WASHINGTON, D.C. — The future of the Littoral Combat Ship/frigate program is still far from decided with the split between factions spilling into a Tuesday Senate hearing.
It has been clear for months that the Navy and Defense Department do not see eye-to-eye on the issue of how many small surface combatants to buy and from how many shipyards. What began as a whispered-about schism turned public earlier this month, with Navy Secretary Ray Mabus telling a congressional subcommittee that decisions about the program’s future “will be made by the next administration and by Congress,” not by Defense Secretary Ash Carter.
On Tuesday, it became clear that difference of opinion exists in Congress, too.
At a Senate Armed Services Committee hearing on March 15, chairman Sen. John McCain (R-Ariz.) – a vocal critic of the LCS program – praised the decision to curtail production of what he called an expensive and unproven platform. Sen. Jeff Sessions (R-Ala.), in whose home state half of the LCSs are built, warned the discussion wasn’t over.
During his opening statement, McCain railed against the program.
“Initial cost-overruns more than doubled the cost of each Littoral Combat Ship, and development costs now exceed $3 billion and counting,” he said.
“Meanwhile, key warfighting capabilities of the LCS, including mine countermeasures and anti-submarine warfare, have fallen years behind schedule and remain unproven. Because of the long running cost, schedule, and performance issues with this program, I support the (Defense) Department’s proposal to down-select to one variant no later than 2019 and reduce the inventory objective to 40 ships. I am encouraged to see the Navy has begun the process of identifying the LCS replacement, and I hope we can transition to a more capable small surface combatant expeditiously.”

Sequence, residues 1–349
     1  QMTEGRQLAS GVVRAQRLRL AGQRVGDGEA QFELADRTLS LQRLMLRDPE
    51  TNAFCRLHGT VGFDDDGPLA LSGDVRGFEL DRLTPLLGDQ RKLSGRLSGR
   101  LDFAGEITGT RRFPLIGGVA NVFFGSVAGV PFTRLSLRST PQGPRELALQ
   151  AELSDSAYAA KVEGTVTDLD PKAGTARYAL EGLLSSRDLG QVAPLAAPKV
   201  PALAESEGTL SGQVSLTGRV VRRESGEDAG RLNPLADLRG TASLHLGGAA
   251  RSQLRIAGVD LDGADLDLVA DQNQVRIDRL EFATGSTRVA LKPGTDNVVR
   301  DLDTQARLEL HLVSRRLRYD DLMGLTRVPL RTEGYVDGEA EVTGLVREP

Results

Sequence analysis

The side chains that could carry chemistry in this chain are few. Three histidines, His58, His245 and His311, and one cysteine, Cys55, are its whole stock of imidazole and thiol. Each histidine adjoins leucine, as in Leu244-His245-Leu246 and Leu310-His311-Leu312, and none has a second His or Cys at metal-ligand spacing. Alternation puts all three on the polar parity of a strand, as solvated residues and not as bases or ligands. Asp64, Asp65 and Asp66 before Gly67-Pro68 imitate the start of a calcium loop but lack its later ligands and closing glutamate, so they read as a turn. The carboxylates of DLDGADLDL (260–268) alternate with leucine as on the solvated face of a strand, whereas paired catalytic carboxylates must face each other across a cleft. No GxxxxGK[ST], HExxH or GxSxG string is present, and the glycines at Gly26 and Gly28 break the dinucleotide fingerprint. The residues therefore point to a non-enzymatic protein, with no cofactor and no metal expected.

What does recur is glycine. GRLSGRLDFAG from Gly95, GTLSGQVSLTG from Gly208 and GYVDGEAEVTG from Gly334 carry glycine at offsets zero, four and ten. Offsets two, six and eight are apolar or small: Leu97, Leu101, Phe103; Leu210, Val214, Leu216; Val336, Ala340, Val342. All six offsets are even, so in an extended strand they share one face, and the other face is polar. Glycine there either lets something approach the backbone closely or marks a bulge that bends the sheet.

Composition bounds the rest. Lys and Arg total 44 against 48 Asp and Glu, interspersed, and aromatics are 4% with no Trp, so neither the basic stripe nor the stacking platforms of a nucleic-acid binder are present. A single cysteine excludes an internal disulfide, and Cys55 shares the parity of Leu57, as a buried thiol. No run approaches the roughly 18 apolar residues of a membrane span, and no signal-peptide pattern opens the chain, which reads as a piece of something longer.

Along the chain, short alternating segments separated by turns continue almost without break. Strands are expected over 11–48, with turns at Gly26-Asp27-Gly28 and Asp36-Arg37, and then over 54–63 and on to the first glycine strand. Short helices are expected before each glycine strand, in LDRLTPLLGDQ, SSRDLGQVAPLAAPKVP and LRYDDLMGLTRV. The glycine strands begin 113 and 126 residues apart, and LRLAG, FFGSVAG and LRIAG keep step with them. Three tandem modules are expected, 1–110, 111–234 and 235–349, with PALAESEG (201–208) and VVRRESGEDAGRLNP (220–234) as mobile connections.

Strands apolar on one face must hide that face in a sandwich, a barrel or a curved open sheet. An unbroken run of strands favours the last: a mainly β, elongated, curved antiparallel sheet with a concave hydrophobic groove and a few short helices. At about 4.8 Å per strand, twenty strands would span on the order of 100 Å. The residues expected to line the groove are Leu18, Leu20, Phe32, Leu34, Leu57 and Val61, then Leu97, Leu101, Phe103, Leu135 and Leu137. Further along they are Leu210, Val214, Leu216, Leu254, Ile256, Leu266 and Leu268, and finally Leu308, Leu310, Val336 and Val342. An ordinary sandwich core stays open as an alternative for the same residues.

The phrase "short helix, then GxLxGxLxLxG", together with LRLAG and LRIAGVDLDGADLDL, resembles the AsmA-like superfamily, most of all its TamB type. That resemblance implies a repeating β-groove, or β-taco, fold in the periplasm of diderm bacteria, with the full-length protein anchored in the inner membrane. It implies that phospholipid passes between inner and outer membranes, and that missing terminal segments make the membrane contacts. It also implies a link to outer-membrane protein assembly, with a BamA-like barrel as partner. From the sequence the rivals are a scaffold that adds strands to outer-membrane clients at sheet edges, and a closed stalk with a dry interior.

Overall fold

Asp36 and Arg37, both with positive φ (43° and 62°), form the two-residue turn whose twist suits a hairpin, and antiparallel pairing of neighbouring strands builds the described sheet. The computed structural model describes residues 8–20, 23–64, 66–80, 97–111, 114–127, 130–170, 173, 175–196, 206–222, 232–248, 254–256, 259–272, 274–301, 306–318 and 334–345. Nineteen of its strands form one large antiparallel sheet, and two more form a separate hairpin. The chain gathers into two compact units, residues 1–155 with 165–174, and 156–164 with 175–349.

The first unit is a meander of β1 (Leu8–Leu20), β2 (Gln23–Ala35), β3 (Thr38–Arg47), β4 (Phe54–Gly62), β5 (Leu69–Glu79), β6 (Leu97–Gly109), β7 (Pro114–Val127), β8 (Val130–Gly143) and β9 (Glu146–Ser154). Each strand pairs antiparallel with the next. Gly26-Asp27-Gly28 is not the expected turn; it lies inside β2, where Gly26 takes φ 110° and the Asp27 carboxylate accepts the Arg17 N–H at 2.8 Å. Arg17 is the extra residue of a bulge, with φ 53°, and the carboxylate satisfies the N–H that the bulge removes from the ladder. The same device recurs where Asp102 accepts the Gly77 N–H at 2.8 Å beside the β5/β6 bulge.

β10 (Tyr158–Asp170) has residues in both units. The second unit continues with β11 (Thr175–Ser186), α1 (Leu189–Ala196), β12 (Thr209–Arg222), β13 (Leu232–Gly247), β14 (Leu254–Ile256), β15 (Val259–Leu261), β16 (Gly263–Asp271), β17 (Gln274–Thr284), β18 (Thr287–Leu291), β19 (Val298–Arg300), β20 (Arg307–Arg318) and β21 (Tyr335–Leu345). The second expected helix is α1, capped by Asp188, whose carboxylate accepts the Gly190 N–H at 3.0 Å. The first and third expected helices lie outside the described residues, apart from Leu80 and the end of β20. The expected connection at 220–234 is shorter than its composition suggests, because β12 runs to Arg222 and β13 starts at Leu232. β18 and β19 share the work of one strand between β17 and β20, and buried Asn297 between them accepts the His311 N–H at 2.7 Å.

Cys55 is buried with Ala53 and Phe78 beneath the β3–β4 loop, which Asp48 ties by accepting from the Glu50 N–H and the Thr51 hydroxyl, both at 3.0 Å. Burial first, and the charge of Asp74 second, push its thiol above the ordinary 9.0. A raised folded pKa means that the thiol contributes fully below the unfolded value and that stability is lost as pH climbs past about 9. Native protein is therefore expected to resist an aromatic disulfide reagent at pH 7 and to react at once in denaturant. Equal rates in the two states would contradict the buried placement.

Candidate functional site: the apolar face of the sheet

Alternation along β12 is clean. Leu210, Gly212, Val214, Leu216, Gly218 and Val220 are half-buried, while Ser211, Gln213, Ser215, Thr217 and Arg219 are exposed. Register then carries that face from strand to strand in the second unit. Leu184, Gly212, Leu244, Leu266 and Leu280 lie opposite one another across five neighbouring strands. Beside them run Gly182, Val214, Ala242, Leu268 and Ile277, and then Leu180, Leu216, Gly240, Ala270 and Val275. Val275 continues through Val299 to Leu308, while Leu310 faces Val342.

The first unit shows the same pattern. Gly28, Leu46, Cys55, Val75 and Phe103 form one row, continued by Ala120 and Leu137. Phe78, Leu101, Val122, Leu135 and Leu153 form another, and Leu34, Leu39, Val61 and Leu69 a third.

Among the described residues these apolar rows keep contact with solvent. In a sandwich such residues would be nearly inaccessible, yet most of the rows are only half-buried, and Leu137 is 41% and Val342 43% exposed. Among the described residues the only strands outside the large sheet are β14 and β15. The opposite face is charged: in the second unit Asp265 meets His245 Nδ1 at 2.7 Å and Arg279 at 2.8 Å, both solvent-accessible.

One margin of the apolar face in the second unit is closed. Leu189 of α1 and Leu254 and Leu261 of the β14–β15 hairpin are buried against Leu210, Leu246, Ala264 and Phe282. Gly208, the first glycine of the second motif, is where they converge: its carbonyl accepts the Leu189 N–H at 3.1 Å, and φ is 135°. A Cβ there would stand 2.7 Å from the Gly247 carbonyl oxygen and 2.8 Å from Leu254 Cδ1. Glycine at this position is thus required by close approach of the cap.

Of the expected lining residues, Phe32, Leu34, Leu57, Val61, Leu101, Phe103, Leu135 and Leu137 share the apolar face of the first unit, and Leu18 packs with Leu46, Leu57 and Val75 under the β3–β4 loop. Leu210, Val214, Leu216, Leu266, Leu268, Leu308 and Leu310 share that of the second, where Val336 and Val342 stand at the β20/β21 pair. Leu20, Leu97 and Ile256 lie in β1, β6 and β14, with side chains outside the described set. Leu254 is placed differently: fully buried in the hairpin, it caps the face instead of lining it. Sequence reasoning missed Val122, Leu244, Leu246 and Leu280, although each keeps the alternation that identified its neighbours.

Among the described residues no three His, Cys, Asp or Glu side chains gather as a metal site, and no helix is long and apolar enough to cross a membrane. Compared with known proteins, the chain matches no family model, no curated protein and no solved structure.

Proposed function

The Navy had previously planned to buy 52 small surface combatants – LCSs and follow-on frigates – and continue building ships at both Marinette Marine in Wisconsin and Austal USA in Alabama throughout the remainder of the program. Carter’s December 2015 memo called for downselecting to just one shipyard and stopping the program at 40 – a move the Navy has said will almost certainly force one yard out of business.
Sessions picked McCain’s comments apart during his time to question both Mabus and Chief of Naval Operations Adm. John Richardson.
First asking about the cost of the ships as the program has matured, Mabus replied that the cost per hull today is “a good bit below” congressional cost caps. The first ship from each yard saw cost overruns, but as the shipyards have improved their facilities and processes and the Navy has moved into serial production, costs have plummeted.
“The first concern, and rightfully so, is on cost. The price of ships coming off the line today is 50 percent of the first ones that came off the line,” Mabus said.
Sessions then questioned if that trend would continue under Carter’s plan to downselect and stop at 40.
“It seems to me, having seen that shipyard line, the ships being produced, it’s moving out at a fine pace,” Sessions said.